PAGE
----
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Classroom Tech Showcase: Ready, Set, Tweet

Junior Gena Morales, of Waterloo, and Assistant Professor of Education Denise Love.

She Skypes. She shoots (video). She scores.

Denise Love, assistant professor of education, has boldly taken her classroom teaching into the next frontier – the virtual one.

In the Instructional Methods class this fall at Keuka College, students learned the ins and outs of classroom methods to teach math, science and social studies. Toward the end of the course, students practiced giving original lessons to one another, and Love integrated Twitter into the project evaluations.

At the end of each student presentation, classmates logged on to Twitter on their smart phones or laptops and posted brief comments. Concise, direct evaluations were necessary because Twitter limits postings to 140 characters.

According to Love, today’s students can best be described as digital “natives,” meaning they have been born and raised with many contemporary technology tools. By contrast, many of today’s adults, those of the Gen X and Boomer generations, are the “digital immigrants,” she said.

“Their learning is different from the way we learn,” Love explained. “We have to take the time to learn [a new technology] and that can be our downfall.”

By permitting a smart phone or laptop in the classroom, Love said she opens up a connection for student learning. Further, students using those tools can find answers quicker than if she sent them home to look up the answer to bring in the following day. Instruction that can keep students motivated and active in their learning will also prevent the distraction of checking e-mails or other electronic distractions, she said.
According to Love, each student presenter in her methods class set up a “hashtag” electronic link for his or her presentation. For example, some read “#operations,” or “#statistically correct,” or “#placevaluesforkids,” which represented their respective lesson plan presentations.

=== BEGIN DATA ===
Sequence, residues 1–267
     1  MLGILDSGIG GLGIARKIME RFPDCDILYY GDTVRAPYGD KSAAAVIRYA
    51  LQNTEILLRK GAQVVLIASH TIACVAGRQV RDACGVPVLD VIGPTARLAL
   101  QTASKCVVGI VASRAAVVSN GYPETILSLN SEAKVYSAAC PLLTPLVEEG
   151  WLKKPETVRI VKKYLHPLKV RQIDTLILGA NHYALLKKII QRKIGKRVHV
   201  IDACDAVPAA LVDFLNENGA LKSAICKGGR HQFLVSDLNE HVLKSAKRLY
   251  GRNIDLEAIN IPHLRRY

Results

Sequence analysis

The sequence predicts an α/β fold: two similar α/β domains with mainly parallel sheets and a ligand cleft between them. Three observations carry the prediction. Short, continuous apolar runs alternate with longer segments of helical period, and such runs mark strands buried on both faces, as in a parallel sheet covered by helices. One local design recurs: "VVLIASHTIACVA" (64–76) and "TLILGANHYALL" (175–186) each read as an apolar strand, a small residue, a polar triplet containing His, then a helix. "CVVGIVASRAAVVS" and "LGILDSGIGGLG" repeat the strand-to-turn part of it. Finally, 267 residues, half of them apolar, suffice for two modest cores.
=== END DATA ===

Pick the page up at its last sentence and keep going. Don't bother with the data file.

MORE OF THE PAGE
Classmates sitting in on the presentations left comments such as: “Many fun centers.” “Some got too loud.” “Maybe having loud ones spread so loud ones do not interfere w/quiet 1s.”

“It’s beneficial to us students to see the constructive criticism from more than just your professor,” said Gena Morales, whose Twitter ID is Laxmom25.

Morales’s presentation featured lessons in statistics and data analysis for sixth-graders, using a Wii Mario Party 8 game to search out mean, median and mode, and a Candyland game at a different station where students tracked which color came up most often (the mode.)

“Lesson planning all comes down to creativity, so the feedback is great,” said the junior education major from Waterloo. “I had walked out of my ‘game’ class thinking it was a flop, but other students loved the ideas.”

Morales enters a post on the class Twitter page.

“Any other time when we did evaluations, it was in our [personal] journals, so we didn’t get to see or hear others’ feedback ideas. In this class, it helped, as far as [knowing] what to change in our lesson plans,” Morales explained.

Love did concede it was a bit time-consuming to assist students in first opening Twitter accounts, setting up IDs, learning the how-to’s of hashtags and how to “follow” other Twitter users. However, once over the hurdle of initial setup, students became “quite literate” in it, she said.

“I did the same thing the students did: go in and do a quick evaluation,” said Love, who used classroom projectors to display the live “tweets” being posted as students submitted their electronic evaluations at the end of each class.

Love said she was first inspired to use Twitter because she was  going to be in the hospital for a time and wanted to find a way to check in and see how her students’ were faring in class.

Dr. Love shows off a student's experiment photo, posted on the class Twitter page.

Some students got so excited by the exercise they also posted photos of lessons, experiments and other class activities, Love noted, scrolling through images of a hot chocolate experiment and a hand-painted solar system model crafted of Styrofoam balls and thin, wooden sticks.

“The more we can do to help our students understand that we appreciate the technology, the more we can do to open [interactive learning] up to them,” she said.

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